3.7.3 A claim of benefit to the town “irrespective of whether the runway extension proceeds” is illogical – it has already been acknowledged above that if the runway extension does not proceed, the road will be removed. In regard to the 40 year life-span of this road, given that oil is expected to run out by 2030, what use will this road be for the following 20 years?

3.7.5 This paragraph states that the Runway End Safety Area lease currently prevents the construction of the New Link Road. Given the road’s extremely close proximity to the runway it must fall inside the 1:10,000 Public Safety Zone. What assurances does the Council have that using this road will be safe, bearing in mind that there is a 1 in 10,000 chance of being hit by a plane in that Public Safety Zone?

5 SAEN would strongly urge all councillors not to agree to grant the Building Licence. This would save money for the Airport Operating Company and inconvenience for the people of the town. Once the outcome of the Judicial Review is known, the Council will be in a better position to know whether or not to grant the Building Licence.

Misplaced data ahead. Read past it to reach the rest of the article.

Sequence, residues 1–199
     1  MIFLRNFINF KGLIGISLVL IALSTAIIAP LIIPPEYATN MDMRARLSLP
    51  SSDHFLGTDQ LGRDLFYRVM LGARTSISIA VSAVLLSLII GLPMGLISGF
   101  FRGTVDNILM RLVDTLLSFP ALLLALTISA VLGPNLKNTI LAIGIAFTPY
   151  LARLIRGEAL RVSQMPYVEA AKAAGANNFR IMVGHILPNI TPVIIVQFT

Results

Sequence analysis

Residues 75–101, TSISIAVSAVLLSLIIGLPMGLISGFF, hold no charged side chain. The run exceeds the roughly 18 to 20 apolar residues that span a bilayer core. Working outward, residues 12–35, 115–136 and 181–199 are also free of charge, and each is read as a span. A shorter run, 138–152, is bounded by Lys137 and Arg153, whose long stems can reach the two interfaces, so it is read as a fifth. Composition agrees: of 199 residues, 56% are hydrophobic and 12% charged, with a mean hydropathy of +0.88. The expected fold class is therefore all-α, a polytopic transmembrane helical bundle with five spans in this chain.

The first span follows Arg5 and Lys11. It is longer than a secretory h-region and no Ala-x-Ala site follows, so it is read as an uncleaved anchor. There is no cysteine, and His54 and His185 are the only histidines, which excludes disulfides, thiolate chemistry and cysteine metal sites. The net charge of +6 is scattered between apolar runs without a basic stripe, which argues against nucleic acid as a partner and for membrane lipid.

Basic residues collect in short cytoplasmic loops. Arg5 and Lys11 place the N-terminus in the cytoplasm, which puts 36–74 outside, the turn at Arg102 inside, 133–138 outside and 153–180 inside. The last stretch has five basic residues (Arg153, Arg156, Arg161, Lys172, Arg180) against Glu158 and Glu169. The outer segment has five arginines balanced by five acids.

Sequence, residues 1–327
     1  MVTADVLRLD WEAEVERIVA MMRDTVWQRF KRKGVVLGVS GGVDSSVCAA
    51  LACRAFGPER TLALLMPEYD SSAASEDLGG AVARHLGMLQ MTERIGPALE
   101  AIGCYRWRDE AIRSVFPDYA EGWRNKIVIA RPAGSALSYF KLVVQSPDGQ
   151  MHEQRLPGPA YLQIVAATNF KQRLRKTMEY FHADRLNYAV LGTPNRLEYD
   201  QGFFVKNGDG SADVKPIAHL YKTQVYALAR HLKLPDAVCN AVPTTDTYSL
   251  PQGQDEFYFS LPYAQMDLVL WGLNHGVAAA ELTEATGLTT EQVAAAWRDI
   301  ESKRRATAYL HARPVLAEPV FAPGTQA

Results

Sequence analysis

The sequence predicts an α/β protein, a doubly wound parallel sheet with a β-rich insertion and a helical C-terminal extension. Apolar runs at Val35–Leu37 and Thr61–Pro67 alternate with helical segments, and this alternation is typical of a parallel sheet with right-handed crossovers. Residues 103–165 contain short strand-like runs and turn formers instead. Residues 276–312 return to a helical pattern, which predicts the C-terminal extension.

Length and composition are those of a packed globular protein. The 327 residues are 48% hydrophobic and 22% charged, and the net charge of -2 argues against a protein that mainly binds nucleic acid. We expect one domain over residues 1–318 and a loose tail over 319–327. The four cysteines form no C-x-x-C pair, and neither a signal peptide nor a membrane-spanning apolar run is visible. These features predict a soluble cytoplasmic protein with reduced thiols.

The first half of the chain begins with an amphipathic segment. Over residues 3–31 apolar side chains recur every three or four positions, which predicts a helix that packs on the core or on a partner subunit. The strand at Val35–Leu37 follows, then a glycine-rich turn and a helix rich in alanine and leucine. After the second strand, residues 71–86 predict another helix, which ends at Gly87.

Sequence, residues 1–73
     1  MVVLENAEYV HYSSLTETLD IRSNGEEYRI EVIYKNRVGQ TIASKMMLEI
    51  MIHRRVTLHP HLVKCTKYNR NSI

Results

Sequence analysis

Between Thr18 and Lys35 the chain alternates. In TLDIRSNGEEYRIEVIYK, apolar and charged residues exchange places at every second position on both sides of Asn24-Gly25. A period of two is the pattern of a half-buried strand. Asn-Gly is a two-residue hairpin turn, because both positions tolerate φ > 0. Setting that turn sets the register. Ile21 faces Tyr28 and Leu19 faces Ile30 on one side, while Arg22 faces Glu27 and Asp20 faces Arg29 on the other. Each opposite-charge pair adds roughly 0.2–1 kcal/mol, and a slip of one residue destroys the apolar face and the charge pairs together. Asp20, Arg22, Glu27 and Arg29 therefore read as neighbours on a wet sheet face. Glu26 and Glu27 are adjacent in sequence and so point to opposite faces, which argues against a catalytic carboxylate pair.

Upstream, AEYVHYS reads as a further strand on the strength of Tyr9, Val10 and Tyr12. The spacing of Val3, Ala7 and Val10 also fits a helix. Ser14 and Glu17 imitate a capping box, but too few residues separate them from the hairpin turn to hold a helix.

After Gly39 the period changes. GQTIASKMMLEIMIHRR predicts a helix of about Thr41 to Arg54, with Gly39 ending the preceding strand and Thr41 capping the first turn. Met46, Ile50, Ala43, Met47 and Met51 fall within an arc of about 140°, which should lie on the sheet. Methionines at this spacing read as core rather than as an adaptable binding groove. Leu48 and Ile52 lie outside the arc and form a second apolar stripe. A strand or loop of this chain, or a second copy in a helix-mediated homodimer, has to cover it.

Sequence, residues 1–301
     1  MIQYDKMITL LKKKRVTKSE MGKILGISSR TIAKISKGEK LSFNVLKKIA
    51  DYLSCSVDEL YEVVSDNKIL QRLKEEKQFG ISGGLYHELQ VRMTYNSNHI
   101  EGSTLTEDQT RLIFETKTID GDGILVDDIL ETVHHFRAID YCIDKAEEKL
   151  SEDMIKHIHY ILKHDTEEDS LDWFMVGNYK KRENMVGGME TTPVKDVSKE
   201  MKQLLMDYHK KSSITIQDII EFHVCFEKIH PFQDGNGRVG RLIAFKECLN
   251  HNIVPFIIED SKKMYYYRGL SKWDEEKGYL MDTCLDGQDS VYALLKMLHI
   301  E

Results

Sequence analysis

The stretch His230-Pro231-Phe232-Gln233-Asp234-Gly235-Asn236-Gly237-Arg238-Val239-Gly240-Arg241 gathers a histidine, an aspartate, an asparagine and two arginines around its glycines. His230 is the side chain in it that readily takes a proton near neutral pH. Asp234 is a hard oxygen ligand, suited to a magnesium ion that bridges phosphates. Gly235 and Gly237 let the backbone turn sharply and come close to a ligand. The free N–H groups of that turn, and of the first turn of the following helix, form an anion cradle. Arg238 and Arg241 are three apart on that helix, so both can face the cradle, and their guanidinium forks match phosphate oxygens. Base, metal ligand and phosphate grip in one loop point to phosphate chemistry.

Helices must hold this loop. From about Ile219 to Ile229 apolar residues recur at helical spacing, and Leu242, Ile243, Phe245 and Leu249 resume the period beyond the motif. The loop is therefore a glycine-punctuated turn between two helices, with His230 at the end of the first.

6 It has already been demonstrated that the New Link Road would not bring significant benefits in its own right as without the runway extension, it would be removed.

Regards,


Denis Walker
Press Officer, Stop Airport Extension Now
http://www.saen.org.uk/

£5.2m spent on projects

Thursday, November 4th, 2010

SOUTHEND Council has spent more than £5.2million on development at the airport in the past 16 years, new figures show.

Campaigners Stop Airport Extension Now, which obtained the figures under the Freedom of Information Act, has accused the council of “throwing money” at the airport.

The request shows the council has received £1.3million in rent from the airport since the lease was sold to Regional Airport[s] in 1994, producing a net loss of about £3.9million.

Before 1994, the airport was run by the council which still owns the land and leases it to the operator.

In December 2008, the airport was sold by Regional Airport[s] to the Stobart Group for £21million.

Since 1994, the council has spent more than £5.2million on projects at the airport, including £1.1million for development of the train station and almost £1.4million on a new control tower.